Students will most likely have questions about the recent events in Texas. Here is a resource that can help parents navigate this tough situation.
Reading out loud to your child can not only be a great way to bond, but it can be a great way for your child to learn to read or hold on to those skills they learned this past year and avoid the summer slide. Here are some great books that your child might enjoy.
- Holes By Louis Sachar (Ages 10+)
- Charlotte’s Web By E. B. White (Ages 8+)
- The Secret Garden By Frances Hodgson Burnett (Ages 7+)
- James and the Giant Peach By Roald Dahl (Ages 6+)
- The Giver By Lois Lowry (Ages 10+)
- The Harry Potter Series (Ages 9+)
- Charlie and the Chocolate Factory By Roald Dahl (Ages 8+)
- Because of Winn-Dixie By Kate DiCamillo (Ages 8+)
- The Boxcar Children By Gertrude Chandler Warner (Ages 6+)
- Where the Sidewalk Ends By Shel Silverstein (Ages 4+)
It has been an amazing year and an amazing journey for our seniors at Crothersville. They have put in years of hard work, and as a result, their futures are coming together before their eyes. Some have been accepted to colleges across the country, some are pursuing a specific vocation while others are taking advantage of community college.
We will come together as a community to celebrate these students’ accomplishments together at our annual graduation ceremony on May 20, 2022, at 8 p.m.
Our classrooms and facilities offer contemporary learning environments enriched by the latest technology. Attend Crothersville and have the opportunity to save up to $40,000 in college tuition through our early college program at Crothersville High School. Contact us. We’d love to have you as part of Crothersville Community Schools.
Reading with your child is one of the greatest gifts you can give them. Here are some titles that might be fun to read over the summer.
- Matilda, by Roald Dahl
- The One and Only Ivan, by Katherin Applegate
- Charlie and the Chocolate Factory, by Roald Dahl
- The Book with No Pictures, by B.J. Novak
- A Wrinkle in Time, by Madeleine L’Engle
- My Father’s Dragon, by Ruth Stiles Gannett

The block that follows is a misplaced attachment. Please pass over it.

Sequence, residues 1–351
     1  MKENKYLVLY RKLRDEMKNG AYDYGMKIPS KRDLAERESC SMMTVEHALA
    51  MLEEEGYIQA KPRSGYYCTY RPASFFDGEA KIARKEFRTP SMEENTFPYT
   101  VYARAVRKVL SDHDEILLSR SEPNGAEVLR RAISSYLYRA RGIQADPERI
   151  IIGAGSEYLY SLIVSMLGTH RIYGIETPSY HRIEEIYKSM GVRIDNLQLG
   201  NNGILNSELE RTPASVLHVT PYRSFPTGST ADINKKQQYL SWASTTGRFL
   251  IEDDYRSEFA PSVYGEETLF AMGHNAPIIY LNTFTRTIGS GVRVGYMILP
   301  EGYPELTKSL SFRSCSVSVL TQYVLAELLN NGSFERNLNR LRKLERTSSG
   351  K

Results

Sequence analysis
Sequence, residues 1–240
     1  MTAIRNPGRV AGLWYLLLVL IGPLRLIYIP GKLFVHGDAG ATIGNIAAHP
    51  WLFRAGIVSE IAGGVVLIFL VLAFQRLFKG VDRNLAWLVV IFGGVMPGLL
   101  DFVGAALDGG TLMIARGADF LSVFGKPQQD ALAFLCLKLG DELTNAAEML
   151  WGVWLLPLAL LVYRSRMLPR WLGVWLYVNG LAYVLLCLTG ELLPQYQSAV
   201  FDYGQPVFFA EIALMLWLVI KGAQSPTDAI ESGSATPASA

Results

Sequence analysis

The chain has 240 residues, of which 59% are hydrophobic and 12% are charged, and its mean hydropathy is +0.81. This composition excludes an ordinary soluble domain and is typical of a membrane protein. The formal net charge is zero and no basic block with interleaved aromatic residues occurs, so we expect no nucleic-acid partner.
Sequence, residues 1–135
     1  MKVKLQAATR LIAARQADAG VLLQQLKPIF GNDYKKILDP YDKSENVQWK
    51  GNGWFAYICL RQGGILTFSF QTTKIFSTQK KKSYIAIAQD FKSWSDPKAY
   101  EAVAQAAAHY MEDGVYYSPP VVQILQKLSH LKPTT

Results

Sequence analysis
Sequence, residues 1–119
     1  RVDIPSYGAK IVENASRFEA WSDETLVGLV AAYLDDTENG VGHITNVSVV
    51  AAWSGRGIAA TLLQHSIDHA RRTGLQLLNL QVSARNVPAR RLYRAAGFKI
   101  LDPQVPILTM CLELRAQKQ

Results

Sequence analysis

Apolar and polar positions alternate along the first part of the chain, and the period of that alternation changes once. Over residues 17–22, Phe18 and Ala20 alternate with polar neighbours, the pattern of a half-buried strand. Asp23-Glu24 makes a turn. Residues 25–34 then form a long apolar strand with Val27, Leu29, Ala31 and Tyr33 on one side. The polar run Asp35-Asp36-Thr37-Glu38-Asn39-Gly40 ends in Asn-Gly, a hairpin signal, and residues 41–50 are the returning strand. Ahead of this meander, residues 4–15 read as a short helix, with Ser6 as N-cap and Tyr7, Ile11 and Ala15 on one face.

- Where the Wild Things Are, by Maurice Sendak
- The Hundred Dresses, by Eleanor Estes
- Holes, by Louis Sachar
- The Boxcar Children, by Gertrude C. Warner
- Wonder, by R.J. Palacio
- Because of Winn-Dixie, by Kate DiCamillo
- Frindle, by Andrew Clements
Some children are born with an inner drive to keep trying over and over when they fail. Most children aren’t, though, and it is up to us to help them see that failing is actually the key to succeeding. Teaching our children the word YET is key. They may come to you and say, “I don’t know how to read” or “I can’t ride a 2-wheeler” or “I can’t get good grades.” We need to teach them to add the word “yet” to the end of those sentences so they start to realize that these things take time and with the right mindset, they will happen!
Sit down with your child and list out things that they now do that at one time they thought were hard. Have them tell you that with practice they learned to do hard things. They are able to do hard things! Using this type of thinking and dialogue around our children will teach them that by trying, failing and learning from their mistakes, they will succeed at doing hard things.
Math can be a difficult subject for many. However, there are many things that parents can do at home to help foster a love for math and improve skills.
- Familiarize yourself with what your child is currently learning
- Let your child help with cooking and baking
- Play math games at home (see your child’s teacher if you don’t have any)
- Allow your child to play math games on the computer such as www.prodigy.com and www.adaptedmind.com
- Access Kahn Academy for math lessons that can help students with their homework
- Have your child help you with the grocery shopping (adding prices, making change, etc.)
- Encourage them to do some math everyday